The age of the cannabis users participating in neuropsychological studies also appears to influence their verbal learning abilities. More specifically, Fletcher et al. reported that only older (≥45 years) cannabis users differed from control subjects in list learning abilities, whereas users younger than 28 years remained unaffected.58 Age at onset of cannabis use also seems to influence the occurrence of cognitive impairment, possibly attributable to a neurotoxic effect of cannabis on the developing brain.59 Pope et al. recently reported that early onset of cannabis use (before the age of 17) is associated with poorer verbal IQ, even after adequate abstinence periods.60 One important caveat in interpreting these results is that different behavioral trends of adolescents who use cannabis could account for these observations. In addition, visual search was found to be disturbed in early onset, long-term cannabis users.61 The latency of auditory-evoked potentials has been reported to be significantly longer in cannabis users, especially in early onset users compared to healthy control subjects. In further investigating this issue, brain imaging studies report that adolescents who begin cannabis use before the age of 17 exhibit brain morphological changes, such as smaller brain volume, less cortical gray matter, increased cortical white matter, and increased cerebral blood flow, compared with late-onset users.62 Increasing evidence further suggests that cannabis-based medicinal extracts may have toxic effects on the fetal nervous system.19 Macleod et al.,63 in a systematic review of the psychological and social sequelae of cannabis and other illicit drug use by young people, reported that available data do not support a causal relationship between cannabis use by young people and psychosocial harm, but cannot exclude the possibility of such a relationship existing.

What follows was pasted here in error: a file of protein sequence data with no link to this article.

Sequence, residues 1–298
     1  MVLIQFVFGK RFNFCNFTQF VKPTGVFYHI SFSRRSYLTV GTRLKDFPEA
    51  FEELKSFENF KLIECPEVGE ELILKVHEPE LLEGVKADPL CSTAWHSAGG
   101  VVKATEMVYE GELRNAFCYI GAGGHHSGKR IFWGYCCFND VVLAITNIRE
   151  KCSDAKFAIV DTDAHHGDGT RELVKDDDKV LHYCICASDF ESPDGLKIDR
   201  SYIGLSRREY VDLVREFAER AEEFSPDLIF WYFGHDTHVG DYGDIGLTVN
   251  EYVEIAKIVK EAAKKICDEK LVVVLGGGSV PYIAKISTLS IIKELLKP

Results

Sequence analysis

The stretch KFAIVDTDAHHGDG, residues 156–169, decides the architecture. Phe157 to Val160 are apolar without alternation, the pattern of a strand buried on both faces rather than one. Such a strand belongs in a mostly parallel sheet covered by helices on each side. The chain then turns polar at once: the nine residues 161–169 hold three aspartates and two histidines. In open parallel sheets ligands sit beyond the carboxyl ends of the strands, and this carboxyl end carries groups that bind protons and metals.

There is laboratory evidence in support of neurotoxicity of THC. Results of both animal studies and in vitro cell experiments, however, have provided conflicting results.3,44 Chronic heavy cannabis use is not associated with structural changes within the brain as a whole or the hippocampus in particular,64 so functional alterations might rather account for the observed neurocognitive effects.